Raising heifers is one of the most cost-intensive areas of the farm. From the day these animals hit the ground until they calve, they are a monetary burden on the farm. Therefore, getting these animals to calving as efficiently as possible makes sense.
Traditionally heifers have been bred by age, with the rule of thumb being that they should calve in between 22 and 24 months. Research has shown us that every month past 22 months of age, these animals cost the farm $100/ animal1. If your farm consistently calves at 24 months of age, this is an additional $200/ animal you are spending on a non-money earning asset.
How do we get them bred and calving by 22 months of age? If we strictly breed based on age, we will have some animals that are too small and some that are too big. Undersized heifers are prone to more problems at calving and produce less milk during their lifetime. Therefore, the focus of your heifer breeding program should be primarily on the size of the animal at breeding. For this strategy to work, it is essential to monitor heifer growth.
Many farmers can accurately identify the body condition score of an over-or underweight animal. However, it is difficult to determine whether an animal is average for its age. Van Dijk et al. showed that veterinarians underestimate the weight of dairy cows 65% of the time and are off on average by 140 pounds2. The same study showed that dairy farmers were off 81% of the time, and their estimates were off an average of 214 pounds. Accurate body weight measurements can be obtained using a scale or weight tape. A correctly calibrated scale will give the most accurate weight of the animal and is a good investment that can be used throughout the farm. Weight tapes allow for an estimation of an animal’s weight by measuring the heart girth and are accurate to within 3 to 5% of the actual body weight for animals over 330 pounds4. The weight tape is slightly less accurate for calves weighing 110 to 330 pounds (within 5 to 8% of actual body weight) 3. Due to the difficulty in measuring the heart girth of heifers, proper animal restraint and good footing should be a priority for both worker and animal safety.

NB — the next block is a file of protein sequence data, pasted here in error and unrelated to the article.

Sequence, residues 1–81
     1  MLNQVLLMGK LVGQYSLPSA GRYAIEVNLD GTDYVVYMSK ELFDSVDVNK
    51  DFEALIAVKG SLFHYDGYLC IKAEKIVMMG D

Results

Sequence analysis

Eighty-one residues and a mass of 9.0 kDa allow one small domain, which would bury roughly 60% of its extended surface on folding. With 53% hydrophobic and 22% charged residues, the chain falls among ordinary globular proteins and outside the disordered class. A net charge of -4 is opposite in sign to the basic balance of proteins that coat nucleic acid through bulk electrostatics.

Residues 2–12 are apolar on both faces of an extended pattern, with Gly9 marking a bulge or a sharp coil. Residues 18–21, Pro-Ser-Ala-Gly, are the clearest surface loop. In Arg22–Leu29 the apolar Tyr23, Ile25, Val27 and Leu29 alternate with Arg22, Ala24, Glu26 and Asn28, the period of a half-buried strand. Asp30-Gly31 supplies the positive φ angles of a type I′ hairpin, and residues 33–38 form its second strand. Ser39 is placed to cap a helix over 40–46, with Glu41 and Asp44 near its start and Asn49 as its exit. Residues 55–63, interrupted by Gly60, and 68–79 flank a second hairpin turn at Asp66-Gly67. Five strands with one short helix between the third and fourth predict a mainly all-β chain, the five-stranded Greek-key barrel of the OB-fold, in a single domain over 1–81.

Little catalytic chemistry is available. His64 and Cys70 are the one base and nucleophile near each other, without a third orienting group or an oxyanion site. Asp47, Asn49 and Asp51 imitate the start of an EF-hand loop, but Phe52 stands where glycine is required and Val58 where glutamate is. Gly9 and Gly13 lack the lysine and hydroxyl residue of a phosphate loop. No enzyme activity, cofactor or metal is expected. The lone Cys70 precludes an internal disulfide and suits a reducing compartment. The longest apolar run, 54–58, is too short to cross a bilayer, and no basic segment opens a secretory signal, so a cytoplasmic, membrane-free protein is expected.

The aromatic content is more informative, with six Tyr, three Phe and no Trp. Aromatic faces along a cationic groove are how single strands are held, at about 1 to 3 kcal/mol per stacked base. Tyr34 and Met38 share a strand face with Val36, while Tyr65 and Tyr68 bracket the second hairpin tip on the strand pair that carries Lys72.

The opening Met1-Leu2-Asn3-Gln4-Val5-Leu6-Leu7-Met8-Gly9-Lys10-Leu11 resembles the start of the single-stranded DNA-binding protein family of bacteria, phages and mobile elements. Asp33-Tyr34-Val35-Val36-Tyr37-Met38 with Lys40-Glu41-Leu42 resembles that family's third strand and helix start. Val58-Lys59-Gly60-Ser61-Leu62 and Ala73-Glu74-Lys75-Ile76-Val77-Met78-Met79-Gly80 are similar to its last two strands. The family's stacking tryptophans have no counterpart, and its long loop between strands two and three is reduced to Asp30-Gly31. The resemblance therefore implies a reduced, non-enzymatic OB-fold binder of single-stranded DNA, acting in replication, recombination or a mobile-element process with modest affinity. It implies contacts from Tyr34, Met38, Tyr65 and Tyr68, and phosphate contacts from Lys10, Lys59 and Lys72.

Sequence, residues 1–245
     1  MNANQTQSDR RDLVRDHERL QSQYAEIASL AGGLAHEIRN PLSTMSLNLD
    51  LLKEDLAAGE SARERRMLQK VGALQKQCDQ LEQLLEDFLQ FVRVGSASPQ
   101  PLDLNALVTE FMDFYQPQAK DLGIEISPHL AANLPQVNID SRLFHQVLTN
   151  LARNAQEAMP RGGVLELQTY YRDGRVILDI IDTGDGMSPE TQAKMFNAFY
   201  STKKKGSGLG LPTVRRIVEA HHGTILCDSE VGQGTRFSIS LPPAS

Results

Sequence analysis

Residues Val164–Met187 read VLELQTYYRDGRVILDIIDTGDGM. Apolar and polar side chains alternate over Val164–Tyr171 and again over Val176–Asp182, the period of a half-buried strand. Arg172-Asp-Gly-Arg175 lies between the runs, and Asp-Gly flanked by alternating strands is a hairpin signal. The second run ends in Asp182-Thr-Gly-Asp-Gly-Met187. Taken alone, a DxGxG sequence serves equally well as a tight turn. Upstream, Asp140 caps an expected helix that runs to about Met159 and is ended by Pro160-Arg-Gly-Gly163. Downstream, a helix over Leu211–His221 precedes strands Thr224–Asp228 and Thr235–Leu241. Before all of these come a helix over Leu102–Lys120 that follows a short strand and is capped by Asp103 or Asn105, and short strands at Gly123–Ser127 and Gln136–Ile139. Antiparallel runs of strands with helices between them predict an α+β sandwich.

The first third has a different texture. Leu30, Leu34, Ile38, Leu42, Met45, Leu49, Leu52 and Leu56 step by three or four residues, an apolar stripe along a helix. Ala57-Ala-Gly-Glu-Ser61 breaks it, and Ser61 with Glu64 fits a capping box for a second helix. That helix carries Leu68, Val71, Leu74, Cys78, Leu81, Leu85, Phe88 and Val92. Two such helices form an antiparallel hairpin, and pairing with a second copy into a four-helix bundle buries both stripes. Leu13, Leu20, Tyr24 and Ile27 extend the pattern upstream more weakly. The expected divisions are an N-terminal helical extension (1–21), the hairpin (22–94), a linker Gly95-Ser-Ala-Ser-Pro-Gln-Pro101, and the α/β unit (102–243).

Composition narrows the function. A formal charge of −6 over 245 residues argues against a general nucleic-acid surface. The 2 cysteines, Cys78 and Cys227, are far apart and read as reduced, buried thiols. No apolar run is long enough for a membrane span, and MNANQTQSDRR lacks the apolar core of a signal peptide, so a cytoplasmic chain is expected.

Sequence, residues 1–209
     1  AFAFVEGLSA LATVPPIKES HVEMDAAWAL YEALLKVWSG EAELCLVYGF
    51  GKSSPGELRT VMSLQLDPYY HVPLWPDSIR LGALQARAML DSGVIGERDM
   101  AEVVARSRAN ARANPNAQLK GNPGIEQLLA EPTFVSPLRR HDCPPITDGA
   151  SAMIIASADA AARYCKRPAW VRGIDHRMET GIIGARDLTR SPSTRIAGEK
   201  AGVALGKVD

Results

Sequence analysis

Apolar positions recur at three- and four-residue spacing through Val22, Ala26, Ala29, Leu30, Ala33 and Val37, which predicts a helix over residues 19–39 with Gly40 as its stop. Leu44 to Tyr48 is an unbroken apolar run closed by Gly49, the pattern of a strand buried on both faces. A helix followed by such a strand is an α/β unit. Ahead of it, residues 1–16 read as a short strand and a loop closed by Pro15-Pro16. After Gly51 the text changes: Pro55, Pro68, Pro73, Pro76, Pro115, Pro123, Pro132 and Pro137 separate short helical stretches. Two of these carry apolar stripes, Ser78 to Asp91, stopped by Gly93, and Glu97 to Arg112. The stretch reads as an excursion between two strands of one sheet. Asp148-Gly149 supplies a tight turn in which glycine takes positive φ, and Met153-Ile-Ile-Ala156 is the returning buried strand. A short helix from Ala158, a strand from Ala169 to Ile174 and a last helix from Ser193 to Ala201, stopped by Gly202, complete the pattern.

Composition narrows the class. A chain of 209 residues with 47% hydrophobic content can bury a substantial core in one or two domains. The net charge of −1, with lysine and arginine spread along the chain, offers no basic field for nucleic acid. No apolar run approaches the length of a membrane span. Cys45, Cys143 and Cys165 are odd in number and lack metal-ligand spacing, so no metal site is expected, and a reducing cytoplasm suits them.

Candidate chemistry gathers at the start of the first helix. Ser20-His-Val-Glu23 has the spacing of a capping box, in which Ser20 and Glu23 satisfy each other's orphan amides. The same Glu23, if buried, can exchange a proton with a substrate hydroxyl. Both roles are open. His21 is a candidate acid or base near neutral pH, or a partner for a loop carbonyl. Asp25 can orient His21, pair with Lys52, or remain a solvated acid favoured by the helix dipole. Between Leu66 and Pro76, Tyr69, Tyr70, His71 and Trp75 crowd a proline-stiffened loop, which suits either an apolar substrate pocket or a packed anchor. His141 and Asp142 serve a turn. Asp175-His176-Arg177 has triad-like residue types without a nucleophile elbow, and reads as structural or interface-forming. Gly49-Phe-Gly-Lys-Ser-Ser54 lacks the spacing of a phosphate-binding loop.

To collect accurate weights the scale must be placed on a level surface and zeroed between each animal. The scale should be calibrated regularly depending on its frequency of use. Cleaning the scale after use will help prolong its useful life.
When using weight tape, the animal must be on a level surface with her head upright. The tape is placed snugly around the heart girth just behind the front legs and shoulder blades. There should not be excess mud or manure present when measuring as this can create an error. It is essential to make sure you use a weight tape constructed using measurements from modern dairy animals and your cattle breed. Some weight tapes on the market were made using measurements from animals in the late 1800s. These weight tapes will not accurately measure the weight of 21st-century animals. Weight tapes can be purchased for calf and cow weights relatively cheaply from many farm suppliers.
The stature of the heifer is also essential when determining if she is ready to breed. Stature can be determined by either measuring hip height or height at the withers. When measuring stature, the animal must be on a level surface. If you measure at the withers, the animal’s head needs to be upright, and you need to measure at the highest point of the withers. When measuring hip height, the position of the head is not essential. Measurements should be taken using a frame score measuring stick. The stick should be held parallel to the animal.
It is recommended that heifers reach 55% of mature body weight and 90% of mature structural growth3 by the time you breed them. Therefore, it is necessary to look at both the weight and the height of the animal before deciding if she is ready to be bred. Breeding too early is also detrimental to your bottom line. It used to be recommended to use breed averages when comparing heifer growth rates. However, monitoring heifer growth compared to measurements of mature animals in the herd accounts for herd-specific genetics and management. PennState Extension has developed a customized growth chart spreadsheet to help producers keep track of heifer growth. After calving, heifers should be at 85 to 90% mature body weight and should have achieved 95% of mature structural growth.
Knowing your herd’s average weight and height will allow you to accurately set a target weight and height for your growing heifers. Regularly monitoring the growth of these animals will allow you to alter heifer rations to obtain breeding weight and height in an optimal time frame. Optimizing your time from birth to breeding will ultimately help your bottom line.
- Lormone, Mike. The case for a quality dairy replacement program. 2005. In proceedings from Dairy Calves and Heifers: Integrating Biology and Management Conference.
- van Dijk, J., S.J. Eagle, A.V. Gillespie, R.F. Smith, A.N. Holman, and H.J. Williams. 2015. Visual weight estimation and the risk of underdosing dairy cattle. Vet.Record. 177:75 – 78
- PennState Extension. April 25, 2016. Monitoring Dairy Heifer Growth. https://extension.psu.edu/monitoring-dairy-heifer-growth. Accessed Dec, 30th 2021.